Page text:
Megaprojects – risky business
I’ve always been fascinated with megaprojects – those huge undertakings that take many years and have a budget the size of a small country. Projects like Terminal 5 at Heathrow International Airport, the Galileo spacecraft, Palm Jumeirah in Dubai and the CERN Large Hadron Collider . It’s not just the end product that gets my attention, but the actual process of getting there.
What’s intriguing is that all of the projects mentioned above went way over budget, time and, in some instances, delivered a narrower scope than what had been initially promised.
Why does it happen? What makes megaprojects run into problems?
When I thought about megaprojects versus smaller projects something that struck me was that practises that are given less importance in smaller projects are the ones that need to be given much more prominence. I’m talking about risk management, stakeholder engagement, documentation and communication.
Below I explore the role of each of these plays in ensuring the success – or not – of megaprojects:
With megaprojects the level of risk is huge. The amount of investment, number of suppliers involved, the high profile of the stakeholders and, in some instances, national importance, means that these types of projects are particularly vulnerable to financial, environmental, health and safety, and social responsibility related risks.
Risks need to be managed much more strategically and with more focus. After all in megaprojects there is normally no one higher up the food chain to escalate things to if they go wrong.
For example, one of the key financial risks on megaprojects is around currency fluctuations and whether or not hedging is a good idea. After all when your budget is billions of pounds and dollars a minute change in currency exchange rates could lead to massive losses or gains.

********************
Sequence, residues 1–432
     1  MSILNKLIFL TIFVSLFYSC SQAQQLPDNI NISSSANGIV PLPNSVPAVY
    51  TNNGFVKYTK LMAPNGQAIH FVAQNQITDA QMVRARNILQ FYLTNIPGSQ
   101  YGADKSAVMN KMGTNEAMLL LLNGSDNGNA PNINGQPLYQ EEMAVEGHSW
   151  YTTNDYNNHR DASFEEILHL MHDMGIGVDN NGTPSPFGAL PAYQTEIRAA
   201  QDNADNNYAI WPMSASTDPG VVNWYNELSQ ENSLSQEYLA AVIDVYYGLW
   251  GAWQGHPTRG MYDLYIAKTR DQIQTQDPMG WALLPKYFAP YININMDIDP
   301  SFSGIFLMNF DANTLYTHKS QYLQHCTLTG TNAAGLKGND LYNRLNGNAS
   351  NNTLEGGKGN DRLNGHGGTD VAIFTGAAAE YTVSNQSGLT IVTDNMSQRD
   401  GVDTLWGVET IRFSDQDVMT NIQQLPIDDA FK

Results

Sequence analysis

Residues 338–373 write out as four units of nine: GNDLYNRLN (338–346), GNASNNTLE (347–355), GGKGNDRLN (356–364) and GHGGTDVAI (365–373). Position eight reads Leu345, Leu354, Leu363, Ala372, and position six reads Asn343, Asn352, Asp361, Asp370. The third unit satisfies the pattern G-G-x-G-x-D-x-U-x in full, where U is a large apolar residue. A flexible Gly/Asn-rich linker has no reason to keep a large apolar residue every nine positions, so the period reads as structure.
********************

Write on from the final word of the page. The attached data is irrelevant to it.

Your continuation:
However, we often see megaprojects using unexpected risks as a reason why they have gone over budget, over time or reduced scope.
Given the scale of megaprojects and the level of disruption they cause over significant periods of time, solid stakeholder engagement is key. Yet time and again, failure to consult properly with key groups have led to expensive and time consuming delays – take the case of Heathrow’s Terminal 5. The public enquiry into planning permission turned into the longest public enquiry in British history and was a huge contributing factor to the project taking 19 years to complete.
All too often megaprojects are featured in the news as they have failed to engage effectively with key stakeholder groups. It seems that when megaprojects are planned, stakeholder analysis and engagement is something that falls at the lower end of priorities. As megaprojects tend to be extremely long, they are much more vulnerable to stakeholder groups changing – for instance, governments changing as a result of elections. This should be included as both a risk but also covered in stakeholder engagement plans.
When a project’s documentation is missing or in poor shape, it hurts – this is amplified on megaprojects where a lack of solid, current project documentation could have serious consequences. It is also important for continuity, particularly on long duration and/or high churn projects. Take the problem with the Galileo spacecraft where the high gain antenna didn’t completely deploy. It turned out that no-one made a note of the fact that the lubricant would need to be replaced before deployment as the spacecraft had been sitting in storage for four and a half years.
Finally, having looked at all of the reasons megaprojects over run or fail, it seems effective communication is the key. Whether it relates to risks, stakeholders or documentation, without solid and effective communication, projects – mega or otherwise – are more likely to fail.